These Vintage Oddball, Boxy Vans and Trucks are Jeeps (Made in Spain)
Have you ever heard of VIASA? How about Ebro?
When is a classic Jeep not a classic Jeep? When it's an Ebro! Or a VIASA! Or, well, any one of these unusual sorta-Jeeps built under license in Spain during the 1960s. The story of these cross-Atlantic oddballs dates back to the 1950s, when a company called Vehículos Industriales y Agrícolas, S.A (VIASA for short) was formed to take advantage of an agreement with Willys Overland to build a version of the CJ, or civilian Jeep, after the second World War.
The venture was successful enough that in-house Jeep efforts became a VIASA staple alongside the agricultural machinery that had made up the bulk of its catalog. To this end, in the early 1960s it started producing a unique series of near-Jeeps based on the Forward Control series of trucks. These vehicles combined the versatility of the FC cabover design with a decidedly rural flavor in terms of utility.
At first glance, it's clear that something is a little weird with these particular FCs. Immediately apparent is the bodywork—rather than the Brooks Stevens-penned curved visage that Forward Control trucks offered stateside, the VIASA models feature straight-and-sharp angles all around, presumably cheaper and easier to manufacture for a small automaker on a limited budget. Keep in mind, too, that these 'Jeeps' were aimed at farmers and country dwellers of modest means living in postwar Spain, where practicality was valued over style.
There were several different models of VIASA Jeeps on offer from 1963 on. There were two pickups, the Campeador and the Duplex (which featured a crew cab), as well as a pair of vans, the Furgón for cargo and the Toledo for hauling as many as nine passengers.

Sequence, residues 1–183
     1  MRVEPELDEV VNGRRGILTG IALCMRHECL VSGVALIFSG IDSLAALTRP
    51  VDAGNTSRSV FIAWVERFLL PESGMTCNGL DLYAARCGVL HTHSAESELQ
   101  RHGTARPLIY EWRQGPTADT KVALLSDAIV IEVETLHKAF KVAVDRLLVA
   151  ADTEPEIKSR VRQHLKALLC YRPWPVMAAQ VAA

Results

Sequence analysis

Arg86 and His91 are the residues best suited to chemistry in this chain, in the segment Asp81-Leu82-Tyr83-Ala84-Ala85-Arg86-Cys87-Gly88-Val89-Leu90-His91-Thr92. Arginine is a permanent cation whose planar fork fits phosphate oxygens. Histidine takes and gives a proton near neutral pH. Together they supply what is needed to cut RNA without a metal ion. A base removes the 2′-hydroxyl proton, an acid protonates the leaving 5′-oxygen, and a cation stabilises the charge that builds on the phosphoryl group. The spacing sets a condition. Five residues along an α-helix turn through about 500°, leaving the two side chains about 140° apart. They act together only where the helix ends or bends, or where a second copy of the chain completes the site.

Ads at the time highlighted the entire family of Jeeps, boasting that the Campeador could handle a 2,645-pound load in its bed (reduced to 1,650 pounds for the four-door truck), while the van offered as much as 2,200 pounds of capacity. The trucks offered the 105-hp, 3.7-liter Super Hurricane straight-six, as well as a 3.0-liter Perkins four-cylinder diesel that metered out 62 horsepower and 143 lb-ft of torque. The latter was notable for offering nearly 30 mpg in the CJ, with similar results for the Forward Control models.
The VIASA arrangement would last until 1974, when a company called Motor Ibérica would buy them out (alongside three other truck and van builders). The resulting rebrand saw the licensed Jeeps hawked under the Ebro brand, as well as a series of other confusing cross-pollinations within the incestuous Spanish market. Ebro was a familiar nameplate for Spaniards, as it had been used on British truck imports since 1954.
It's doubtful any VIASA or Ebro models ever made the long boat ride across the Atlantic to America, and it's unknown if there are any examples calling the U.S. home today. (Heck, even finding images that depict anything beyond rusted-out hulks is difficult.) In Europe, however, they remain common beasts of burden, doing what Jeeps and their license-built knockoffs have been doing since the day they were born: working for a living.